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Nanoparticles and Organoids

Nanoparticles and Organoids

Pediatric radiation oncologist Matthew Ladra is experimenting with protons, nanoparticles and organoids to deliver promising new therapies to pediatric patients.

One study uses nanoparticles—ultra-tiny structures that can transport a cargo of drugs and other cancer-fighting treatments to tumors—to reset cells’ natural cancer fighting DNA. Ladra says that many pediatric cancers are missing a key tumor suppressing gene, called p53, and the nanoparticles transport the gene to cancer cells to put it back into action.

“We use proton therapy to stun the tumor and open it up so we can infuse radiolabeled p53 genes,” he says. The gene is already present in normal cells, so it only goes to work in tumor cells. The radiolabel allows the scientists to see and track the gene inside cancer cells to confirm that it turns on and helps shrink the tumor.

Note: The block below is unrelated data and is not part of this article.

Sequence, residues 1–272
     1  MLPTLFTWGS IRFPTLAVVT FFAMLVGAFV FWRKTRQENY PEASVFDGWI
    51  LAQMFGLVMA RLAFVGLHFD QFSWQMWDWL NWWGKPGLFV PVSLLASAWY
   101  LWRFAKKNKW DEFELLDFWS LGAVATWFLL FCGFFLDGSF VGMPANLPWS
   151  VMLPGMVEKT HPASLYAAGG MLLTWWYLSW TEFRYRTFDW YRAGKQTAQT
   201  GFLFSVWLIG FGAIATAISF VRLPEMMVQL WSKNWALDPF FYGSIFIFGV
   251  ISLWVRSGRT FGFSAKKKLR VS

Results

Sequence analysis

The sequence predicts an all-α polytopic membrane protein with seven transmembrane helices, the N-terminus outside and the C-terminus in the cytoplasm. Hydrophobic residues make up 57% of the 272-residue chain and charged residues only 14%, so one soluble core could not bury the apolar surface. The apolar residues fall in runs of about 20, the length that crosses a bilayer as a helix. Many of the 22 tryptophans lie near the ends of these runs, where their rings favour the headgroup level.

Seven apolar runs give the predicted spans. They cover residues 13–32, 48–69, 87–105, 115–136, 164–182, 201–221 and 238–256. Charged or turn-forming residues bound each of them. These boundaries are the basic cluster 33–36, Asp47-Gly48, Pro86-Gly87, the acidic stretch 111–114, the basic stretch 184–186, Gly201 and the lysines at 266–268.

Ladra also plans to collaborate with drug discovery experts and other scientists to study drug/proton combinations. In pediatric brain tumor research, he is excited about a new model of discovery. Tiny organized spheres of human neural and nerve cells about the size of a fly’s eye, called organoids or minibrains, are providing an innovative way to research treatments of pediatric brain cancers. Researchers are using them to replicate how pediatric brain cancers naturally grow and spread and to study more closely how these cancers respond to radiation and drug treatment. In a precision medicine approach, a minibrain could be created as a stand-in for a patient by implanting it with cells from the patient’s brain cancer.

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